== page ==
Sunday, April 01, 2012

The genetics of Caenorhabditis elegans.

Genetics, Vol. 77, No. 1. (1 May 1974), pp. 71-94

This paper is recommended by Marty Chalfie (Columbia University), who writes:
The Brenner paper is a classic; when does someone have an opportunity to outline the genetics of an entire organism. It is also a terrific paper to go over basis genetic ideas. nearly all the variation affecting gene expression resides.his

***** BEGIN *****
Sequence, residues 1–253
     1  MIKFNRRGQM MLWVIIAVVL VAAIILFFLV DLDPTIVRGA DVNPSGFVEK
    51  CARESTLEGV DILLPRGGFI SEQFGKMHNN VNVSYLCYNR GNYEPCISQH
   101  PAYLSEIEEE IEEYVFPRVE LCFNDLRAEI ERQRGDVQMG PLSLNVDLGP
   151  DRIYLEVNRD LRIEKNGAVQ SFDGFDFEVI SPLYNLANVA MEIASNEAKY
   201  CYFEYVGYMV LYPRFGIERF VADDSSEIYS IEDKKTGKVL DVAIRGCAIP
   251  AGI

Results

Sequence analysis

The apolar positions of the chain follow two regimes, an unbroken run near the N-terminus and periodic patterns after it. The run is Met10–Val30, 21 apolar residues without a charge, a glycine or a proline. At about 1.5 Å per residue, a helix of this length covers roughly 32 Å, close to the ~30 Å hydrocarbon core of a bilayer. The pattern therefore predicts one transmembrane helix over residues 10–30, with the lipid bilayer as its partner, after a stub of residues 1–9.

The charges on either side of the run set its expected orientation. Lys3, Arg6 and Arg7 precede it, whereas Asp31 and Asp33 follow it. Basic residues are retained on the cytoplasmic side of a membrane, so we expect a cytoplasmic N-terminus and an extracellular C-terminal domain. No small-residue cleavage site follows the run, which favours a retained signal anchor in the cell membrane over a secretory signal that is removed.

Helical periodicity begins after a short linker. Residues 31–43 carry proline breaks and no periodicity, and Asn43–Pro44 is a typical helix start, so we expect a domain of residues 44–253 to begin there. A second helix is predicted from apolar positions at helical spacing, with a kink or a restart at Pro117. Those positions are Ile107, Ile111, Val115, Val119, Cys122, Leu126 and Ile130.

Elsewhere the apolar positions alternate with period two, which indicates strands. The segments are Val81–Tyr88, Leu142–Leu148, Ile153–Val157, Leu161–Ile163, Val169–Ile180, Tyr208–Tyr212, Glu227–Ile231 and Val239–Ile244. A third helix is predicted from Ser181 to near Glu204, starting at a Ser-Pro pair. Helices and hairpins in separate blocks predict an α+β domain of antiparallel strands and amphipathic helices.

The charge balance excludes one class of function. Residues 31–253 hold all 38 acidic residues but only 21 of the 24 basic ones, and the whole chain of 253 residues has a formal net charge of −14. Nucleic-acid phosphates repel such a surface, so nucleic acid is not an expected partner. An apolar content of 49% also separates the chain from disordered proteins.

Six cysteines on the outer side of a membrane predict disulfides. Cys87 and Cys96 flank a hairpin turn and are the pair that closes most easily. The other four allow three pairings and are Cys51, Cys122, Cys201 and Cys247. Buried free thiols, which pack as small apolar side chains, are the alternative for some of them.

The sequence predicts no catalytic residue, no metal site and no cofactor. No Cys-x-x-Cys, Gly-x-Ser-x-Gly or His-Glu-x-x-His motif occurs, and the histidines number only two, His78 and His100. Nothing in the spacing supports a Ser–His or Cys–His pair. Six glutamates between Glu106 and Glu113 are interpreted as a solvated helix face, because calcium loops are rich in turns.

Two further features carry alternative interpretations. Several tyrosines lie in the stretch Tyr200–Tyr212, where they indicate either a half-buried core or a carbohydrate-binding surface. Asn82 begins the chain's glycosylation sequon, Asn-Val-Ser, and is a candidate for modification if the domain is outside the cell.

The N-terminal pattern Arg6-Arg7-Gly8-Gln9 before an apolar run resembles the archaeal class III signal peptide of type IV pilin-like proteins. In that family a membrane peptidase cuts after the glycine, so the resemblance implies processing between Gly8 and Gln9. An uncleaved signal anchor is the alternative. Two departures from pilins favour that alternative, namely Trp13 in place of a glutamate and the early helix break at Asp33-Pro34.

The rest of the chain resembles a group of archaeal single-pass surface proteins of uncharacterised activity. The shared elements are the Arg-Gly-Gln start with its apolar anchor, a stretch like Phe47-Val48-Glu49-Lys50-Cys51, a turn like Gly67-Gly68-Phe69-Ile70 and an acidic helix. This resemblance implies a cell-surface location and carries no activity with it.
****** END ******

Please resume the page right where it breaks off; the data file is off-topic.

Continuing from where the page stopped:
Because it's brief, I'm going to quote the entire abstract from this classic:

Methods are described for the isolation, complementation and mapping of mutants of Caenorhabditis elegans, a small free-living nematode worm. About 300 EMS-induced mutants affecting behavior and morphology have been characterized and about one hundred genes have been defined. Mutations in 77 of these alter the movement of the animal. Estimates of the induced mutation frequency of both the visible mutants and X chromosome lethals suggests that, just as in Drosophila, the genetic units in C. elegans are large.

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